Disgruntled former Radio 2 listeners continue to fulminate—often, ironically, on the Internet—but Boyce expects their anger to fade. He says classical fans do themselves no favours by claiming their music is innately superior to the pop and folk of the new Radio 2. “The bottom line for me is that [Radio 2] did an exceptionally good job of serving people who liked one genre of music. That was great, but we’re a public broadcaster. It isn’t just about providing service to one group of people; it’s about providing service to all Canadians. What we set out to do is to take much of the [non-classical Canadian] music that is successful internationally and actually allow it to be heard inside Canada, and to provide the same level of service we offered to the classical music community.”
In an article on August 2, 2008, Globe and Mail music critic Robert Everett-Green made an argument that’s harder to dismiss. “Radio 2,” he wrote, “should exhibit some kind of intellectual distinction—which doesn’t mean the hosts have to be musicologists or semioticians. As a listener… told me in an e-mail: ‘With CBC Radio, I expect to be educated as well as entertained.’ Radio 2 has some work to do if it wants to convince people that it’s going to satisfy that expectation, and in some ways it has made its job more difficult.”
Drive’s generally pleasant mix of guitar-driven light pop and folk won’t satisfy diehards like Everett-Green who want music that in their view is more intellectually challenging. But, as Parise explains, “it’s a show that celebrates the song. We don’t have any instrumental music; the focus is on songwriting.” And to be fair, neither Radio 2 nor, for that matter, Drive seems to be interested in competing with commercial FM stations whose milquetoast programming and repetitive playlists pander to the lowest common denominator. Somewhere in between the two opposing models—all classics all the time and mind-numbing easy listening—there’s a large and underserved audience of mostly middle-aged listeners whose interest in music is above average but falls short of obsession. This is the audience that Drive and the new Radio 2 were meant to court.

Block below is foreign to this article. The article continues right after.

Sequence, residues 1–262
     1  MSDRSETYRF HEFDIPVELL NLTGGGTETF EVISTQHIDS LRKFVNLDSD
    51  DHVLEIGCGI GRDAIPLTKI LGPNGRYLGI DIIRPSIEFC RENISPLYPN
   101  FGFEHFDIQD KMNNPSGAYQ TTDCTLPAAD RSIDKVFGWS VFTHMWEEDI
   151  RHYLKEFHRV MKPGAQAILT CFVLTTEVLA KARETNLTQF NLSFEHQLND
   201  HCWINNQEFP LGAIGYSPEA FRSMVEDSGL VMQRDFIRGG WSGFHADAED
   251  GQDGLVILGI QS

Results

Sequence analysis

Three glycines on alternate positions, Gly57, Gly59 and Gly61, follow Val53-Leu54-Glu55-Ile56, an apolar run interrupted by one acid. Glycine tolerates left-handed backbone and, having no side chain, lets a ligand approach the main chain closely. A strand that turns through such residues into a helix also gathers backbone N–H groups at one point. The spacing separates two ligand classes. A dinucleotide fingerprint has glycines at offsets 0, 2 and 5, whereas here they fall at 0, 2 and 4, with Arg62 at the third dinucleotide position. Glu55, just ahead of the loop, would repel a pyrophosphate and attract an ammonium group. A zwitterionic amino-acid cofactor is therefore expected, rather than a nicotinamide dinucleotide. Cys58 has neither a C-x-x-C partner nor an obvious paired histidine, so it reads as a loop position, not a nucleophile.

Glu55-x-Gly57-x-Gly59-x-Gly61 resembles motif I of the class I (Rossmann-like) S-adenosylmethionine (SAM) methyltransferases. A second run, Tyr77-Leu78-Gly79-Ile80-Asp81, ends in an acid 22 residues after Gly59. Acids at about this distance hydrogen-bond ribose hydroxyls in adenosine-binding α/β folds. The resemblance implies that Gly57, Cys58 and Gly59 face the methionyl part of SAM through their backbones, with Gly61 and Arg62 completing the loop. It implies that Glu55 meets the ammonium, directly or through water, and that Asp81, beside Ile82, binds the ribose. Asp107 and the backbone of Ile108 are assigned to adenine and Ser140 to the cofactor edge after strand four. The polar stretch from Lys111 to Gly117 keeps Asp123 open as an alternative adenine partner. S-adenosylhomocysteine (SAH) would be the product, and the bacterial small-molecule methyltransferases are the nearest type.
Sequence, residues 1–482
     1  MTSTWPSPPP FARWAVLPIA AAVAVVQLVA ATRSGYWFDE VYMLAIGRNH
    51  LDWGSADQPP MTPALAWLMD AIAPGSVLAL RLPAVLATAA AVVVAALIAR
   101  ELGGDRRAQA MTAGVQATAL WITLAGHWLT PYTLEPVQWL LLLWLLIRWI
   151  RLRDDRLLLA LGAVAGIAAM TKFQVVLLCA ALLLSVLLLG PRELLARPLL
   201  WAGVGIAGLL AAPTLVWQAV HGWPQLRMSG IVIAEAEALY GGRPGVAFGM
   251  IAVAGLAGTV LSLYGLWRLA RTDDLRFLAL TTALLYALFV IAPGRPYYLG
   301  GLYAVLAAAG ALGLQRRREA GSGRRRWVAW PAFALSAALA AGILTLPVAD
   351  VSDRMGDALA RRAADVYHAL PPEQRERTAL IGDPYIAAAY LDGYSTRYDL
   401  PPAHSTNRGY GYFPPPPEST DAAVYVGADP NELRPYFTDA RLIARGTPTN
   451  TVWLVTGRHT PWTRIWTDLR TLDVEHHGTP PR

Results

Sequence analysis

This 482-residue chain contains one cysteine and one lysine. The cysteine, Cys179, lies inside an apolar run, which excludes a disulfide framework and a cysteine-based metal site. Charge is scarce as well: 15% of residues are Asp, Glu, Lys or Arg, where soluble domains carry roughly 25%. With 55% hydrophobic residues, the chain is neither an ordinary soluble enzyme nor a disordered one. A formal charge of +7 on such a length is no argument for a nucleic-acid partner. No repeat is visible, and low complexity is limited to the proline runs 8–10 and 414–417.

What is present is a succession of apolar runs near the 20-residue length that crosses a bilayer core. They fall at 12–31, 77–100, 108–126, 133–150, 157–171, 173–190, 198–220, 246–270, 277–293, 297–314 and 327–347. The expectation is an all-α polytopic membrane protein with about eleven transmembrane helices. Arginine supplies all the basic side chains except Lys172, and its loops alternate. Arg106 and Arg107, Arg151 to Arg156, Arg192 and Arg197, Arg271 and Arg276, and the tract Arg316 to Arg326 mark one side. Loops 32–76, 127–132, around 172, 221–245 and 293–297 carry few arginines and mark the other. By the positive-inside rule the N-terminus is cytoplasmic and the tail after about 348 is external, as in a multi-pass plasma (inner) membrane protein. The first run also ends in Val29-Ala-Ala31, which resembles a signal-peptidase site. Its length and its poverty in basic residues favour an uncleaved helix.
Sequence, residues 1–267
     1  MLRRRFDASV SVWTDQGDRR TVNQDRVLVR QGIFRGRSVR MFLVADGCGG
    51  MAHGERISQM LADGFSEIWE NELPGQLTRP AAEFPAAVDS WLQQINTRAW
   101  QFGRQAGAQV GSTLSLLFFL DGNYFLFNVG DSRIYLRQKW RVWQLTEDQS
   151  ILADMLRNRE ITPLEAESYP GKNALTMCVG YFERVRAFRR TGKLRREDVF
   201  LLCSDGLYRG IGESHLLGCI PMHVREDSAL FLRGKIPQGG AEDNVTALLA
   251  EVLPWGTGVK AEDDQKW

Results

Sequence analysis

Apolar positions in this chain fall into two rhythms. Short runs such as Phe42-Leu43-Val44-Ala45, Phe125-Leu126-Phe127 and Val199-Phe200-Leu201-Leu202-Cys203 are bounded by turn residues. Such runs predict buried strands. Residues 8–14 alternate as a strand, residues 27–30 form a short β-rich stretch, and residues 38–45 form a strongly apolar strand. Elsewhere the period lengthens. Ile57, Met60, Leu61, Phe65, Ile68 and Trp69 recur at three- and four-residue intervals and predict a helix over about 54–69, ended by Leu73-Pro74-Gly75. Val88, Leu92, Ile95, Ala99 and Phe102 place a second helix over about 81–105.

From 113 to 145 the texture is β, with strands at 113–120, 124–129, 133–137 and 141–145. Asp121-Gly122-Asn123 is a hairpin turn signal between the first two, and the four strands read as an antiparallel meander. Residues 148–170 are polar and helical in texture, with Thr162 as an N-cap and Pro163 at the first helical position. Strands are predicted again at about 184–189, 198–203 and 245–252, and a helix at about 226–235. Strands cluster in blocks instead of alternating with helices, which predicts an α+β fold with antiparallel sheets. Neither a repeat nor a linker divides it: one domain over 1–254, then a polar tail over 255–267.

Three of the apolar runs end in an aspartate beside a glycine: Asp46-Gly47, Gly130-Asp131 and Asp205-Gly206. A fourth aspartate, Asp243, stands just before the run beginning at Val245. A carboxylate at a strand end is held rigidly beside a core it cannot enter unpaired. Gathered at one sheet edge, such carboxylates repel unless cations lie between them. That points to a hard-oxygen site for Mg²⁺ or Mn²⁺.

Terfry admits the initial decline in listeners, while expected, worried him. For the moment, he’s still enjoying the chance to use his new platform to help Canadian artists who don’t have any other outlet. “All kinds of people, hip hop [fans] or otherwise, have complained about radio in this country. I thought, all right, you know what? Maybe if I go in and try to do this thing well, and work really hard and make it successful, I can make a difference. I might not be able to indulge all my daydreams on day one, but if I can manage to stay on the air for a couple years, to the point where I can start really bringing some ideas to the table, I have a chance to help out all these amazingly talented people who are kind of languishing in obscurity.”
For the moment, CBC management appears to be onside. The show has been moved back an hour to attract and retain more drive-time listeners, and while recent corporation-wide cutbacks reduced the show’s team from six to three, there are no plans to retreat from the experiment to attract a demographic that commercial stations specializing in new music have long since given up on.
“When an artist emails us to say, ‘My iTunes sales have gone up so much because you guys are playing this song of mine,’ I love that,” says Parise. “Listeners say, ‘I’m spending all this money buying music again.’ It’s like there’s been a drought in which they decided not to buy music anymore.”
Terfry concurs, and then returns to work, sharing an in-studio, off-air chuckle about a listener who wrote in to say he recognized the samples in a song by—wait for it—a Vancouver hip hop group called Sweatshop Union.